# genus$=2$ implies Hyperelliptic.

In the book of Rick Miranda (Algebraic Curves and Riemann Surfaces), in Proposition 1.10 of Chapter VII (p. 198), the claim is that every compact Riemann Surfaces of genus $$2$$ is hyperelliptic. The proof is:

Let $$K_X$$ the canonical divisor has degree $$2g-2=2$$, and by Riemann-Roch Theorem we have $$\dim L(K_X)=2$$, therefore we may suppose that $$K_X>0$$, take $$f\in L(K_X)$$ nonconstant so when you look as a map to $$\overline{\mathbb{C}}$$ has degree $$=2$$ so it's Hyperelliptic.

It's a good proof but a just don't understand why we can suppose $$K>0$$.

I'm tried write $$K_X=P-N$$ where $$P,N\in \operatorname{Div}(X)$$ are non-negative divisors and use Riemann-Roch but I failed, thanks for any comments.

• By $K_X > 0$ you just mean that $K_X$ is a nonzero effective divisor class? Recall that a divisor class $D$ is effective iff $L(D) \neq 0$, and that $D$ is trivial iff $L(D) = 1$. Nov 13, 2020 at 21:32
• Yes, just that $K_X(p)$ is a positive integer for every $p \in supp(K_X)$. Nov 13, 2020 at 21:46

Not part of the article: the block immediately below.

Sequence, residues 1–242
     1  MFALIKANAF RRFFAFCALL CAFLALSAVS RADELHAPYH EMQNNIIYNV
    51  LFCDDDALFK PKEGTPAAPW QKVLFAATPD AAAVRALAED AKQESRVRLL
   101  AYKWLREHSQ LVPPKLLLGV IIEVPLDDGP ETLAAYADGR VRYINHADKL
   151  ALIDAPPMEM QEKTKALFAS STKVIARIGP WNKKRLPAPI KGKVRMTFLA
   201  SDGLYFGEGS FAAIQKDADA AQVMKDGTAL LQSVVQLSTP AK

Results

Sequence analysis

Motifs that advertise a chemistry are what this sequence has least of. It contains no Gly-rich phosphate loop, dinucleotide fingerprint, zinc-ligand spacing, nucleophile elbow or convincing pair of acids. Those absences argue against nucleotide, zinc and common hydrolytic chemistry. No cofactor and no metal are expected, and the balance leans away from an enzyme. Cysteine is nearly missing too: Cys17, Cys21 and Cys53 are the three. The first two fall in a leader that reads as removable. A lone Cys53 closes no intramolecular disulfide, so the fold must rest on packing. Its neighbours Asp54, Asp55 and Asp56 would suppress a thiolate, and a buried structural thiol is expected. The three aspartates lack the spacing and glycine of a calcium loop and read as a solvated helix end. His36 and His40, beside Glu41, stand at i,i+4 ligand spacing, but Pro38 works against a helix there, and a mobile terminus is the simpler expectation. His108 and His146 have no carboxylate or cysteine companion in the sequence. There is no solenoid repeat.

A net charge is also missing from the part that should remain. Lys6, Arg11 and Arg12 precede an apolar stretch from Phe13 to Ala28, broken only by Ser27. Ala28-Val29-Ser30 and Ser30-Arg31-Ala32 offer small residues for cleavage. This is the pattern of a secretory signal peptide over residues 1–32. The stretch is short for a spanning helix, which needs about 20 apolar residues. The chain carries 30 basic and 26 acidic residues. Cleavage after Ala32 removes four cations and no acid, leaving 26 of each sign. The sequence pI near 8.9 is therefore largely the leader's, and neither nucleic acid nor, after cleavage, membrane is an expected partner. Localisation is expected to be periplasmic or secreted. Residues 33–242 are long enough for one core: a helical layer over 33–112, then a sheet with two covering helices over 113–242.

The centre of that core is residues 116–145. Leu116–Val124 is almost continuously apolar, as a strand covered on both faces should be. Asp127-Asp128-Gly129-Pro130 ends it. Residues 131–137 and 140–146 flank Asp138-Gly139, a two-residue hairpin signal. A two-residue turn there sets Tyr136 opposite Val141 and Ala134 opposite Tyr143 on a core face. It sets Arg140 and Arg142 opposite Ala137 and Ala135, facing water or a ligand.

• Cool, then the rest of my comment should do the trick. Doesn't Miranda prove both of these fundamental facts? Nov 13, 2020 at 21:57
• I don't understand still, how i can find a divisor positive from $K_X$ of degree $=2$ and such that $\dim L(-)=2$? Nov 13, 2020 at 22:00
• If $K_X$ were not effective, we would have $L(K_X) = 0$. Thus $K_X \geq 0$. If $K_X$ were the zero divisor class, we would have $L(K_X) = 1$. Since $L(K_X)$ is known to be $2$, in must be the case that $K_X > 0$. Nov 13, 2020 at 22:07

Recall that $$\DeclareMathOperator{\div}{div} L(D) = \{f \in \mathbb{C}(X) : D + \div(f) \geq 0\} \cup \{0\}$$ where $$D$$ is a divisor on $$X$$. Since $$\ell(K_X) = 2 > 0$$, then there is a nonzero function $$f \in L(K_X)$$, i.e., a function $$f \in \mathbb{C}(X)$$ such that $$K_X + \div(f) \geq 0$$. Since $$K_X$$ is only defined up to linear equivalence we can replace $$K_X$$ by $$K_X' := K_X + \div(f)$$: we have $$K_X' \geq 0$$ by the definition of $$L(K_X)$$, and as pointed out in the comments, $$K_X' \neq 0$$ since $$\ell(0) = 1$$ and $$\ell(K_X') = \ell(K_X) = 2$$.